There is much more here! I only reproduced the Coping with Side Effects section. To read the rest, go to: Dealing with amyloidosis during and after treatment – ASCO Feel good, keep smiling and join me in wishing all of our fellow amyloidosis readers our best! Pat
AmyloidosisThis section has been reviewed and approved by the Cancer.Net Editorial Board, 6/12- Courtesy ASCO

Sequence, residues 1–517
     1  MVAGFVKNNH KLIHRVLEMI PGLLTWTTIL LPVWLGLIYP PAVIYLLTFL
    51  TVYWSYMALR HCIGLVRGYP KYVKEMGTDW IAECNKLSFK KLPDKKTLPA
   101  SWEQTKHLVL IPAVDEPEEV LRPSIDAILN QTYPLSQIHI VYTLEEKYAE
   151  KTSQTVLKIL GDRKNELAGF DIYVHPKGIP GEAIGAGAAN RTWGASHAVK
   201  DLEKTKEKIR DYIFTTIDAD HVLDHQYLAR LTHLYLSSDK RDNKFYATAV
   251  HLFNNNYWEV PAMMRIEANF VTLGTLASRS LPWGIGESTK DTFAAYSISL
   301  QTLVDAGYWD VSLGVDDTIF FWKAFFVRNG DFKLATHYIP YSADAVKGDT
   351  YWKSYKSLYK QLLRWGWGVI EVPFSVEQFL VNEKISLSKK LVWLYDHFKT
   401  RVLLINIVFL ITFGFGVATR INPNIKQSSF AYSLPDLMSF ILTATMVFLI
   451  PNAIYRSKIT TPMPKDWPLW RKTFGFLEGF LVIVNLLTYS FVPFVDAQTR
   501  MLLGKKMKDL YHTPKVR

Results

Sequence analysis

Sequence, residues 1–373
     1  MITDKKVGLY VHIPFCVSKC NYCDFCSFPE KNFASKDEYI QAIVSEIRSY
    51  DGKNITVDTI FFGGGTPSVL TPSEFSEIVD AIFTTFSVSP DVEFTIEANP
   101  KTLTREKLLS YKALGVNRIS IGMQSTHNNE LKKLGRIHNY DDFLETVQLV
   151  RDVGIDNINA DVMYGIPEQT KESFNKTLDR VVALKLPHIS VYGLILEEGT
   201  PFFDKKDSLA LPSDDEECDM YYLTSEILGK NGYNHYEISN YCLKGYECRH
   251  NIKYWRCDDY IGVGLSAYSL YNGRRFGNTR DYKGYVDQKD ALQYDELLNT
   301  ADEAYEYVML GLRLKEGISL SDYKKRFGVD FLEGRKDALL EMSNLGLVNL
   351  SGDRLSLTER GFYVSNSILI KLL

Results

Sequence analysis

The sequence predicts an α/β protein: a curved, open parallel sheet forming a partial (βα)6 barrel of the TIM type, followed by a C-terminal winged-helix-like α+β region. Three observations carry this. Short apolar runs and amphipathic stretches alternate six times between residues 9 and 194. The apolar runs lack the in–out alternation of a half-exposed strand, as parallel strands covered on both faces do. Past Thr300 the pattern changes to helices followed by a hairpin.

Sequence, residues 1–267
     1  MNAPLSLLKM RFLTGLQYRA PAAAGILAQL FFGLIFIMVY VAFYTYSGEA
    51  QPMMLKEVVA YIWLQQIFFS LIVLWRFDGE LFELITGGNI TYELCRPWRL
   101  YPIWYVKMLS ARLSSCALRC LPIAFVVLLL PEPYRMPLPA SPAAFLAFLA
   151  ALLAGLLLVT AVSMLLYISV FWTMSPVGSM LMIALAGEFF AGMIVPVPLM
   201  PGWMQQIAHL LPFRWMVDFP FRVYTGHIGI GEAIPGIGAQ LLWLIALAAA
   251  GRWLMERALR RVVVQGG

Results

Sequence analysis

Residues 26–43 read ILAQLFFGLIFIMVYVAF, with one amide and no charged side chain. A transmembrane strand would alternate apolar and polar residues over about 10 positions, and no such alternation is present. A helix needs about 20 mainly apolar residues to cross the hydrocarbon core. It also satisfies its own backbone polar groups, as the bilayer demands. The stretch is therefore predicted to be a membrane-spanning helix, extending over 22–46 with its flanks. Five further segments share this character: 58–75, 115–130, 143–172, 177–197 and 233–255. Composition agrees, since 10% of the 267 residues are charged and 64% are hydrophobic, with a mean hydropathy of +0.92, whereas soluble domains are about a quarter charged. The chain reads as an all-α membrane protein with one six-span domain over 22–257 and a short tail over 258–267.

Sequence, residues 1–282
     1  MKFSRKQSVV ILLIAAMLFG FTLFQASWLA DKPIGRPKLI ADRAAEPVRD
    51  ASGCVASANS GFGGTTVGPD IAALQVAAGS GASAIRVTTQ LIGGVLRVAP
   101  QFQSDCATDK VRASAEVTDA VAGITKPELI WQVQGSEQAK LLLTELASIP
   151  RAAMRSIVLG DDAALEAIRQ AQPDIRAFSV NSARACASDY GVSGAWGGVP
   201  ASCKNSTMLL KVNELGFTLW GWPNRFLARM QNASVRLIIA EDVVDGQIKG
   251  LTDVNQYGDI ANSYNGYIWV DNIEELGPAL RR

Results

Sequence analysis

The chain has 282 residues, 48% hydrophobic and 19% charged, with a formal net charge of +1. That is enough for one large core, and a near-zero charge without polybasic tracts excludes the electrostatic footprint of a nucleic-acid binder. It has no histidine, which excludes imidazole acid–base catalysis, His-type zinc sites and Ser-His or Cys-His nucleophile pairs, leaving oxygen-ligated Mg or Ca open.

Coping With Side EffectsFear of treatment side effects is common after a diagnosis of amyloidosis, but it may help to know that preventing and controlling side effects is a major focus of your health care team. This is called palliative or supportive care, and it is an important part of the overall treatment plan, regardless of the stage of disease. Below are some of the side effects that are common to amyloidosis and its treatments. Anemia. Anemia is common in people with amyloidosis, especially those receiving chemotherapy. Anemia is an abnormally low level of red blood cells (RBCs). RBCs contain hemoglobin (an iron protein) that carries oxygen to all parts of the body. If the level of RBCs is too low, parts of the body do not get enough oxygen and cannot work properly. Most people with anemia feel tired or weak. Depression. A normal reaction to an amyloidosis diagnosis is one of shock, disbelief, and denial. Symptoms of anxiety or depression, irritability, and problems with sleep or appetite often follow. Usually, patients begin to feel better within weeks or several months and experience an increased sense of control. However, if these symptoms continue, treatment may be needed. Fatigue. Fatigue is extreme exhaustion or tiredness, and it is a common problem for people with amyloidosis. Patients who feel fatigue often say that even a small effort, such as walking across a room, can seem like too much. Learn more about the most common side effects of amyloidosis and different treatments, along with ways to prevent or control them. Side effects depend on a variety of factors, including the type of amyloidosis, the length and dosage of treatment(s) and your overall health. Before treatment begins, talk with your doctor about possible side effects of each type of treatment you will be receiving. Ask which side effects are most likely to happen, when they are likely to occur, and what can be done to prevent or relieve them. And, ask about the level of caregiving you may need during treatment and recovery, as family members and friends often play an important role in the care of a person with amyloidosis. Learn more about caregiving. In addition to physical side effects, there may be psychosocial (emotional and social) effects as well. Patients and their families are encouraged to share their feelings with a member of their health care team who can help with coping strategies. Learn more about the importance of addressing such needs, including concerns about managing the cost of your care. During and after treatment, be sure to tell the health care team about the side effects you experience, even if you feel they are not serious. Sometimes, side effects can last beyond the treatment period, called a long-term side effect. A side effect that occurs months or years after treatment is called a late effect. Treatment of both types of effects is an important part of survivorship care. Learn more by reading the After Treatment section or talking with your doctor.